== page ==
How to Make Hummus




About: I work at instructables by day, and turn into a stitch witch by night. follow me on instagram @jessyratfink to see what i'm working on! ^_^

Hummus is one of the easiest, most delicious snacks in the WORLD. It's awesome as a dip, in sandwiches or in a pita with falafel. (I've got an awesome recipe for baked falafel!) It's also pretty easy to get it wrong. Do you want to know how to make the best hummus?

Do you? DO YOU?

In this instructable I'll give you all the tips and tricks so you'll know how to make hummus like a hummus MASTER. And I'll share a really awesome base recipe for it. :D

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Step 1: Ingredients:

  • 1/2 pound dried chickpeas
  • 1/2 cup bean cooking liquid or water
  • 3+ garlic cloves
  • 1/4 cup extra-virgin olive oil
  • 1/4 teaspoon+ ground cumin
  • 1/4 cup tahini, stir it well before measuring it out!
  • 1/3 cup lemon juice (normally 1 1/2 lemons - use fresh!)
  • 1/2-1 teaspoon salt
  • paprika to make it pretty!
All of these things can be changed to your own personal taste! Using this recipe as-is gives you a lightly garlicky and lemony creamy hummus, and the flavors intensify a bit after a night in the fridge. If you like your hummus thinner you can add more of the bean cooking liquid, if you like it more lemony or garlicky, add more lemon or garlic!

You can also add roasted garlic for a smoother, sweeter flavor.

This hummus is also excellent with different spices - chili powder, coriander, a bit of cayenne, some mint - all delicious! Try out different things to see what you like.

Also keep in mind that the tahini really adds to the texture and flavor. If you don't like tahini or don't have any on hand, add more olive oil and cooking liquid, and a bit more salt.

Step 2: Cooking + Prepping the Beans

I never presoak my beans. I am not good at planning ahead. I cook them at high pressure for 30 minutes or so in my electric pressure cooker, and I let the pressure vent naturally - no quick release! I also don't salt the chickpeas as I add salt to the hummus later.

If you don't have a pressure cooker, it'll save you lots of time if you soak at least eight hours or overnight. Then simmer the chickpeas for 30 minutes or so until they're done. Older beans will take longer.

Once they're done, let them cool so you can handle them, and don't get rid of the cooking liquid!

Now here's the secret to perfectly smooth hummus - taking the "skins" off the chickpeas! It sounds tedious and silly, but it is so worth it. If you don't do this bit you will have lumpy, grainy, meh hummus. I leave them on when I'm feeling lazy, and it just does not compare to the hummus you get when you take them off. :)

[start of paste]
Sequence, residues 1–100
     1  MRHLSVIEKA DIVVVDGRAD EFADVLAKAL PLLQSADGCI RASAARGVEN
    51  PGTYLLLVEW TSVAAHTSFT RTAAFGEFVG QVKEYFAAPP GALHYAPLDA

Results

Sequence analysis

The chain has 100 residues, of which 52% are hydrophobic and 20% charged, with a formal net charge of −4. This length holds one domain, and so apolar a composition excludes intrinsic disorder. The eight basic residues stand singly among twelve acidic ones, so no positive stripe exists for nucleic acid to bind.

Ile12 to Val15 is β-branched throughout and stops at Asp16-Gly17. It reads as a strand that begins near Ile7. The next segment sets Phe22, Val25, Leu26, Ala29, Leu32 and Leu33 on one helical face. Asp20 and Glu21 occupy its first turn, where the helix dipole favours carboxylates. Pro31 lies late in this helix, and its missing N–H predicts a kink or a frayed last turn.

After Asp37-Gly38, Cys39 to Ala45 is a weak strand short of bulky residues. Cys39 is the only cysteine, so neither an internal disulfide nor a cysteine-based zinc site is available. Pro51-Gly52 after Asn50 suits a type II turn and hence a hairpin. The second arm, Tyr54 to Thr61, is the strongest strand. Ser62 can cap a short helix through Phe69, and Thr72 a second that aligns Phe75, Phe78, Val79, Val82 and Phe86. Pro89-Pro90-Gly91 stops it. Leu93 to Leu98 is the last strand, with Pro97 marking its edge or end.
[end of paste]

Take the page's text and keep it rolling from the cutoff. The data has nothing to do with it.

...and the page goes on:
I do this by getting out two containers, one for skinned chickpeas and one for the skins. I just grab a handful of chickpeas out of the pot and squeeze them out of the skins. I like sorting things so this is a good method for me. It only takes 10-15 minutes for a whole pot of chickpeas. If you want something faster, though, you can try rubbing the chickpeas between your palms. But I feel like this is not as thorough and can still leave you with lots of skins.

Step 3: Processing!

Once you've got your chickpeas skinned, start measuring everything out into a food processor. Everything goes in at once because it is easy!

If you have a not very fancy food processor like me, it's best to chop the garlic up beforehand... otherwise you can end up with a mouthful of raw garlic.

Process on high for a couple minutes and scrape down the sides a few times to make sure all the chunks are getting taken care of.

Once it's looking creamy, add in 1/2 teaspoon of salt and pulse it. Then check and see how you like it! Add more lemon or garlic, more cumin, more salt - whatever you think it's lacking. Always pulse again after adding more ingredients to make sure it all gets incorporated. :)

Step 4: Serve!

Sprinkle with paprika or your choice of spice, or maybe even chopped fresh herbs and olive oil if you're feeling like you need to impress somebody.

And then eat it with whatever you want!

This hummus lasts about a week in the fridge, but it normally doesn't last that long. Enjoy! :D

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    28 Discussions


    7 years ago on Introduction

    Other ingredients to suggest: a little bit of red bell pepper (especially if roasted), and sumac, a lemony/paprika tasting Middle Eastern spice. I go heavier on the cumin, lighter on the lemon juice. Yum!


    7 years ago on Introduction

    For a "gas free" experience, try making your hummus with canned, white hominy. Once seasoned to taste, it's almost indistinguishable from chickpea hummus.

    1 reply

    7 years ago on Introduction

    Also, its good if you finely chop parsley and blend in. Just another variation.